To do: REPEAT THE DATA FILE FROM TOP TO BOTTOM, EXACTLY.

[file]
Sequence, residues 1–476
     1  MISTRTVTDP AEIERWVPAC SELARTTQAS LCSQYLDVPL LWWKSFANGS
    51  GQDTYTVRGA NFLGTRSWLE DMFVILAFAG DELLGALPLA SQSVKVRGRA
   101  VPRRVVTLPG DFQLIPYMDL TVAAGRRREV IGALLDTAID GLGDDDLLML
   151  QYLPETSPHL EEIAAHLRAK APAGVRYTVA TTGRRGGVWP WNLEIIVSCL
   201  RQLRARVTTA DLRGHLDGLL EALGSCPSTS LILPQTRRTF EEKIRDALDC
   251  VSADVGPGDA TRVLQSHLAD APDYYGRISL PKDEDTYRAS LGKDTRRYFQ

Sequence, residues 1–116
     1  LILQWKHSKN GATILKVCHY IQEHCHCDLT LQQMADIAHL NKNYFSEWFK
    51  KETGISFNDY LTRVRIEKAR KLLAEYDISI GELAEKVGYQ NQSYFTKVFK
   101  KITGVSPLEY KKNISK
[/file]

Sequence, residues 1–476
     1  MISTRTVTDP AEIERWVPAC SELARTTQAS LCSQYLDVPL LWWKSFANGS
    51  GQDTYTVRGA NFLGTRSWLE DMFVILAFAG DELLGALPLA SQSVKVRGRA
   101  VPRRVVTLPG DFQLIPYMDL TVAAGRRREV IGALLDTAID GLGDDDLLML
   151  QYLPETSPHL EEIAAHLRAK APAGVRYTVA TTGRRGGVWP WNLEIIVSCL
   201  RQLRARVTTA DLRGHLDGLL EALGSCPSTS LILPQTRRTF EEKIRDALDC
   251  VSADVGPGDA TRVLQSHLAD APDYYGRISL PKDEDTYRAS LGKDTRRYFQ

Sequence, residues 1–116
     1  LILQWKHSKN GATILKVCHY IQEHCHCDLT LQQMADIAHL NKNYFSEWFK
    51  KETGISFNDY LTRVRIEKAR KLLAEYDISI GELAEKVGYQ NQSYFTKVFK
   101  KITGVSPLEY KKNISK